After our recent cruise around the Iberian peninsula, the story I’ve told people the most concerns an unfortunate experience with a creative, foul-smelling pickpocket ruse in Málaga, Spain. However, what I personally hope to remember most from the trip was my wonder and awe while crossing the Strait of Gibraltar.

On one side of the ship, we could see the Rock of Gibraltar and slopes of Cádiz, Spain. On the other side, our view featured the towns at the base of the Rif mountain range in Morocco. At the narrowest point, only 8 miles of water separates Tarifa, Spain from Mount Jbel Musa in Morocco.

I felt like I was going to get whiplash at the dinner table. I could look out one set of windows and see Europe, and turn to the other side to see Africa. Two continents at one meal. The Atlantic Ocean and the Mediterranean Sea connected by a narrow channel. So many ships pass through the Strait that it feels like you are sailing as part of a fleet.

Because the meeting point of the two bodies of water is also a popular feeding ground for whales and a crossing point for migratory birds, authorities set a speed limit through the Strait, which gave me a little more time to enjoy the views as I walked in circles around the deck. (Europe, Africa, Europe, Africa, Europe, Africa…). When we passed through the Strait for second time on our trip, I was a little more restrained, although I still had the binoculars out a lot. I didn’t pace the decks for quite as long, and I took a lazy photo of Africa from inside our stateroom.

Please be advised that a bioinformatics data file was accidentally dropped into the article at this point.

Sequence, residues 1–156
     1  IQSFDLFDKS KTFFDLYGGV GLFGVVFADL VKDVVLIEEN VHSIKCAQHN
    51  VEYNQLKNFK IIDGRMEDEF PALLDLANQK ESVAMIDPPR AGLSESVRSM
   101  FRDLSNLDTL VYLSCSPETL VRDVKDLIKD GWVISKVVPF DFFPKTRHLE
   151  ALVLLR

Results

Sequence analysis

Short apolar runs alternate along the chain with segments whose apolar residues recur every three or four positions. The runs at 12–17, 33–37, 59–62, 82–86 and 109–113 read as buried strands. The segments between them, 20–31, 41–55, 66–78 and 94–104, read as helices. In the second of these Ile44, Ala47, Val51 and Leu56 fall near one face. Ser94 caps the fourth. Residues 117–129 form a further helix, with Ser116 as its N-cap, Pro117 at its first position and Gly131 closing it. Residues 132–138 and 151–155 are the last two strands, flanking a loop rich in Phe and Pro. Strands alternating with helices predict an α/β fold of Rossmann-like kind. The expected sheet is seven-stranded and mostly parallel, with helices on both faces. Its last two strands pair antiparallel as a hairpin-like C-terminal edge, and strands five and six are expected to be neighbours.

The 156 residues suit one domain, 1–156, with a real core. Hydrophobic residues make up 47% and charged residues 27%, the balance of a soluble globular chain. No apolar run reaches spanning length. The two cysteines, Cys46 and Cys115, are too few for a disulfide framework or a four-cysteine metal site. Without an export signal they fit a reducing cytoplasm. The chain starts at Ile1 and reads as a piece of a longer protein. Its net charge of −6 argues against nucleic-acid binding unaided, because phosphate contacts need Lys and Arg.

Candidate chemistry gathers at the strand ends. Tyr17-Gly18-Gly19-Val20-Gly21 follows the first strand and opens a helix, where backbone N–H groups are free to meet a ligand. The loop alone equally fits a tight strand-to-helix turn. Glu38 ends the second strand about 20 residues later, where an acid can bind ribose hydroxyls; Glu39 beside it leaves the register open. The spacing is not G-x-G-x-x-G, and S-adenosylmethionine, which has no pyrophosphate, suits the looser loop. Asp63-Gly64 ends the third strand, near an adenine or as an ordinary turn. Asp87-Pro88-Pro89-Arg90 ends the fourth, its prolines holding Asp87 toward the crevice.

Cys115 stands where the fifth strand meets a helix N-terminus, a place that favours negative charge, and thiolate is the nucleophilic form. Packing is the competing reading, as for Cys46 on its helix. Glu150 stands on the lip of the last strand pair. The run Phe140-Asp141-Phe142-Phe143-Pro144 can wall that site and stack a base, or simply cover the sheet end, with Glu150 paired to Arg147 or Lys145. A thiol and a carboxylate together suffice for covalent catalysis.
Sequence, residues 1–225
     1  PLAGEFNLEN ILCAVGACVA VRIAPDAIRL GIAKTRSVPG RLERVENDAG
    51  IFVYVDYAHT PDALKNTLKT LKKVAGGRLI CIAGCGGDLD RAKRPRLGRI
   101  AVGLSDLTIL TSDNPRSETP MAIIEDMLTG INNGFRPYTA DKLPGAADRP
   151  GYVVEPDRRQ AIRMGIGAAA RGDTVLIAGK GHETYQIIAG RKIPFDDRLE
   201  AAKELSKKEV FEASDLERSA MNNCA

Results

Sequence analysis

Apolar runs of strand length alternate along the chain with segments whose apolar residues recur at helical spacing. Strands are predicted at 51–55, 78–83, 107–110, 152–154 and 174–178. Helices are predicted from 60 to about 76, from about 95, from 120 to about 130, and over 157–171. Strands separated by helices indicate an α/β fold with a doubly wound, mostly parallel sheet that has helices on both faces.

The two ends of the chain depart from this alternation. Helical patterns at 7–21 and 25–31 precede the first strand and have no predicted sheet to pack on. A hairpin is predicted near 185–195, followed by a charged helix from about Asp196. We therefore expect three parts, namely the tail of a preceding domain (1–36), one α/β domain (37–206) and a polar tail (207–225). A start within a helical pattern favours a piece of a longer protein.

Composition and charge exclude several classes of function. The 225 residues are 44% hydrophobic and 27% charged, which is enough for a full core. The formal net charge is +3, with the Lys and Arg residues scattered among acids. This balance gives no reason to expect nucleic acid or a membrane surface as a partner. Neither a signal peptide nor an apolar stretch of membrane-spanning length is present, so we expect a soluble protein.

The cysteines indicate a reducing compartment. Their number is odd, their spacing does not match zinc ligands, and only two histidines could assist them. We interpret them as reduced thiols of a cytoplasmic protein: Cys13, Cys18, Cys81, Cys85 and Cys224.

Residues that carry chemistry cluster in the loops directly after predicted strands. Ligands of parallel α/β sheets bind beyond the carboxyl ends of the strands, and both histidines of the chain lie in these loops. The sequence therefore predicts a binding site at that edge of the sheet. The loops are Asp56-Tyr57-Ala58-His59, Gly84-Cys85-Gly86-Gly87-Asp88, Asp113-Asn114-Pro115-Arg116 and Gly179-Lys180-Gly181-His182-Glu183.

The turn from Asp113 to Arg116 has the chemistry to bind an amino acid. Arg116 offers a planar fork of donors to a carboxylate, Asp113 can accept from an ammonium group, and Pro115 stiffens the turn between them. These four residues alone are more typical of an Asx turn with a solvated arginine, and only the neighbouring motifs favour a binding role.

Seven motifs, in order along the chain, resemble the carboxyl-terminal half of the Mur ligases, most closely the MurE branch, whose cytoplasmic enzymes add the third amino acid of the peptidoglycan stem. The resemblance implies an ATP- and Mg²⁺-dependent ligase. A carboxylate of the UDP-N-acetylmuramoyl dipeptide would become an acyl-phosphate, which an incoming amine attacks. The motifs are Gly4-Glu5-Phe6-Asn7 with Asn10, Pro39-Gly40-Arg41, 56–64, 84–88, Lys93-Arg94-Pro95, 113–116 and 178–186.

The two high points of the Strait–the Rock and Mount Jbel Musa—were known to the ancients as the Pillars of Hercules. And the caves under the Rock of Gibraltar were thought to be the gates to Hades—the road to hell.

Those distressed at the moral decay of modern society would probably not be surprised to find that the road to hell is now beautifully illuminated with colored effects and fitted out with a state-of-the-art sound system for concerts. The devil himself could not have made it more appealing.

While the extensive caves are fascinating, so many tourists pass through the site that groups are herded through in quick succession with time to do no more than take a few rushed photos. Tour vans crammed with eager visitors wind their way up the rock through a series of hairpin turns that would make it a challenge for Barbie to get her convertible through without scraping the paint.

Rock of Gibraltar complete with tourists (photo by Kate Dolan)

I don’t know how they do it. They make brief stops to give tourists time to take photos of some cheesy pillars, the caves, the monkeys, and the airport that crosses the main road so that traffic has to be halted every time a plane takes off. Then it’s time to head to town for duty-free shopping.

Because of that rushed, overpriced tour, the visit to Gibraltar itself was frustrating. I didn’t even get a glimpse of the underworld. I do hope to go back sometime and walk back down to give myself more time to take in the views—both on top and under the rock.

Roman pillar in the Alcazaba at Malaga --photo by Kate Dolan


Although connected to Spain, Gibraltar was seized by the British I 1704 and remains a British Overseas Territory. The name derives from the Arabic Jabal Táriq. The pillar in the photo is much better looking than the ones tourists pose with on Gibraltar. This Roman pillar was incorporated into the medieval alcazaba at Malaga.

If you enjoy stories of landlubbers’ experiences at sea, you might like my books Langley’s Choice or Avery’s Treasure.